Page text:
Performance conservatively conservatively applied
applied to optimize to optimize for the best
for the best performance
performance
Normal L0s Enabled Enabled
Minimal L0s/L1 Enabled (EEE timers Enabled (EEE timers
values are more values are more
aggressive than the aggressive than the
EEE timers values in EEE timers values in
the normal mode) the normal mode)

In accordance with various embodiments of the invention, one or more features of the power management policy may comprise a domain dynamic power management and dynamic power capping and reporting. The domain dynamic power management may enable domain or sub-domain level power modes that may result in coordinated EEE policies and settings on the NICs 106 XY, servers 102 XY, and switches 104 X. The dynamic power capping and reporting may provide domain or sub-domain level power maximum and average capping and/or reporting capability. For a given power budget, the LPM 108 X may be used to transparently configure appropriate capping on an average link utilization, link speeds, and teaming configurations on the NICs 106 XY, servers 102 XY, and switches 104 X. The LPM 108 X may also be used to notify power management mode mismatches on the NICs 106 XY, servers 102 XY, and switches 104 X for a given domain power cap.

The LPM 108 X may be used to enable dynamic configuration of power modes for a domain or a sub-domain of NICs 106 XY, servers 102 XY, and switches 104 X. The NIC Advanced Configuration and Power Interface (ACPI) power management, PCI-e ASPM state management, EEE, ASIC level power management, server power management, and/or switch power management may be combined to provide a domain wide power management solution for the networking components.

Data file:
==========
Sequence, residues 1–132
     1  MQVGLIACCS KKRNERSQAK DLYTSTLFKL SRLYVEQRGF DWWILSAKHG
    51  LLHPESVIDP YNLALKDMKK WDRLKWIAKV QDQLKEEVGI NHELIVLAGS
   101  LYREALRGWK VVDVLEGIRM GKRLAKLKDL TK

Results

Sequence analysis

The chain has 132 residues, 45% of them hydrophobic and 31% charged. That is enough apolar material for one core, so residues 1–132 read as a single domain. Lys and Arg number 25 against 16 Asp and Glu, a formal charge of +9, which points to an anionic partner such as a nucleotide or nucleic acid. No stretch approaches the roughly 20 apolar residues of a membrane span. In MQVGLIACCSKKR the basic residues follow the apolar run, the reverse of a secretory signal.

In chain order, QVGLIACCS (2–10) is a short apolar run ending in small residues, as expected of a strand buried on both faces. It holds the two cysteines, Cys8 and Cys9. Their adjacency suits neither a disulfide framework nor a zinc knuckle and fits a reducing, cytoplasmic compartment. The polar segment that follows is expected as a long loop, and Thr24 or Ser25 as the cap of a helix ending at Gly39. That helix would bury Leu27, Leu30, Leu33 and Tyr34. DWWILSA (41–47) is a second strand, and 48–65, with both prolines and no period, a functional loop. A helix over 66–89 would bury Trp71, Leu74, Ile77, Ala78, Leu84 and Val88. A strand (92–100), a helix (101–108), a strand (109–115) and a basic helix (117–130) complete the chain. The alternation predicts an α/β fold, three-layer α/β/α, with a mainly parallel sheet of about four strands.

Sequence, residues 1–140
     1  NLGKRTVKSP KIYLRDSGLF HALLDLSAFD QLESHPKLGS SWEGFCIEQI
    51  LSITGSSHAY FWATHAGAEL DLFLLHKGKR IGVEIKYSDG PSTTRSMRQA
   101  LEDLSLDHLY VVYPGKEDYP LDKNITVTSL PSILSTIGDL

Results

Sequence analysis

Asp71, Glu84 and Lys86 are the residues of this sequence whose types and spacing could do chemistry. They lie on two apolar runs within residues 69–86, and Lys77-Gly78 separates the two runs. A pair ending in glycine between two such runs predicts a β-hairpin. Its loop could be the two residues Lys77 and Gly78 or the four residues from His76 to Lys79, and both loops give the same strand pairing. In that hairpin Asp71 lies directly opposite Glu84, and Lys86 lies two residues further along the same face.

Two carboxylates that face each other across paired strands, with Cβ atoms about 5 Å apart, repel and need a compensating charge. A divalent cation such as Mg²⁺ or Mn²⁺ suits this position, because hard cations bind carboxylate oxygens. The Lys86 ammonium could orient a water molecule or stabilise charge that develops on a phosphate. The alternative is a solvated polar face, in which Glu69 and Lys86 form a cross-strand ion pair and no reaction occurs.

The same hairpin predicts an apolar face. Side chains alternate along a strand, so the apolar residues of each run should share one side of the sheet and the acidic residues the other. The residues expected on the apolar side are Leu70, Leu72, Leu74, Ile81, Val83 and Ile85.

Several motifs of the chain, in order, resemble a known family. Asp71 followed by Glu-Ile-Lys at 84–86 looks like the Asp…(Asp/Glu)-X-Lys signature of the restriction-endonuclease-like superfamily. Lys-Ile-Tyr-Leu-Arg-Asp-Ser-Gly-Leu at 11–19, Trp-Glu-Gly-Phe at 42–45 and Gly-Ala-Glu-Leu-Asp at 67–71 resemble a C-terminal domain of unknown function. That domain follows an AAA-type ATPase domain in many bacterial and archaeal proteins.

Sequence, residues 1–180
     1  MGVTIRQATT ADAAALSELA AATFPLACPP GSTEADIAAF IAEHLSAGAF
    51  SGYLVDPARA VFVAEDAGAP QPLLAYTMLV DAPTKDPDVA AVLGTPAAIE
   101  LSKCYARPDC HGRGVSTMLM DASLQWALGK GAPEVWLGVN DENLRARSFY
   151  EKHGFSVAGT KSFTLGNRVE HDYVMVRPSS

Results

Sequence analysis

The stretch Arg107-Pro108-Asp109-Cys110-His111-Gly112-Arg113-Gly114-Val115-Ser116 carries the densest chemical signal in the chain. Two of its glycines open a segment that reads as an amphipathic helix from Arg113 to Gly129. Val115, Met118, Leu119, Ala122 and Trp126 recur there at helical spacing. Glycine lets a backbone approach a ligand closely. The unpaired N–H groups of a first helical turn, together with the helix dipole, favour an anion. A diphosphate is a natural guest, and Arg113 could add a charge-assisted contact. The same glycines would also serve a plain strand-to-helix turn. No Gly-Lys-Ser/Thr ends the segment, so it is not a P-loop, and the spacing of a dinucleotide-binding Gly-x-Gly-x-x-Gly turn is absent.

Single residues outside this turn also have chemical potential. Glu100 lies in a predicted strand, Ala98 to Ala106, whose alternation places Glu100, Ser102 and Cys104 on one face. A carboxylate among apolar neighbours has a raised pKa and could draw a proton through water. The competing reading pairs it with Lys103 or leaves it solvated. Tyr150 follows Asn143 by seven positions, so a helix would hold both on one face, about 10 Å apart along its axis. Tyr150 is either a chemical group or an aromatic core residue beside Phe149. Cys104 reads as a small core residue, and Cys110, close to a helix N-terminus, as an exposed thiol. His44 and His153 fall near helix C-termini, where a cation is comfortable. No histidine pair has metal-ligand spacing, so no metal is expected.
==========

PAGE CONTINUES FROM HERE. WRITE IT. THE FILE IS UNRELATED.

The NICs 106 XY, servers 102 XY, and switches 104 X within a domain 100 X may be configured to enable dynamic power modes. The dynamic power modes may be configured either globally per domain 100 X or based on the power management policies set on each server 102 XY, for example. One or more of the power management modes may be set by the administrator on a server 102 XY, which may result in a NIC 106 XY or LPM 108 X setting some of the underlying parameters, such as EEE timers, ASPM parameters, and/or link speed on the NICs 106 XY and the corresponding switches 104 X. The NICs 106 XY and/or switches 104 X may further coordinate to detect system idle conditions or may enable transitioning to a low power mode. A network administrator may enable a specific power mode for a set of NICs 106 XY and/or switches 104 X globally using a power saving mechanism, if the LPM 108 X is operable to remotely configure the NIC 106 XY and/or the BMC to influence the OS power policies.

An OS, for example, the Windows OS may provide a plurality of different exemplary overall system power policies, comprising High Performance, Balanced, and Power Saver. These system level power policies may be mapped to best performance, normal, and minimal power modes, for example. The OS may support power policy management via Windows management instrumentation (WMI) that may be used for both local and remote management. The OS may enable customizable power policies using scripting or WMI interfaces. The OS power management architecture may provide functionality for power metering and budgeting, such as, inventory information, capability and characteristics, measurement reporting, configurable platform power budget, and/or notifications for changes in configuration and capabilities as well as threshold based notifications.

The server power policy may be mapped to different system power states, such as, processor P-states, processor C-states, device states, PCI-e ASPM states, and/or EEE mode. Table 2 illustrates the mapping of the NIC ASPM and EEE for different system configurations.

TABLE 2
Power/Sleep
State of Processor P- Processor C- Device ASPM EEE
Power Mode System State State State State Policy
Best G0/S0 P0 C0 D0, D3 Off EEE Disabled
Performance or
conservatively
applied to
optimize for
the best
performance
Best G1/S1-S4, N.A. N.A. D3 Off EEE Disabled
Performance G2/S5 or
conservatively
applied to
optimize for
the best
performance
Normal G0/S0 P0-Pn C0-C3 D0, D3 L0s Enabled
Normal G1/S1-S4, N.A. N.A. D3 L0s Enabled
G2/S5
Minimal G0/S0 P0-Pn C0-C3 D0, D3 L0s/L1 Enabled
(lowest link
speed,
aggressive
EEE timers)
Minimal G1/S1-S4, N.A. N.A. D3 L0s/L1 Enabled
G2/S5 (lowest link
speed,
aggressive
EEE timers)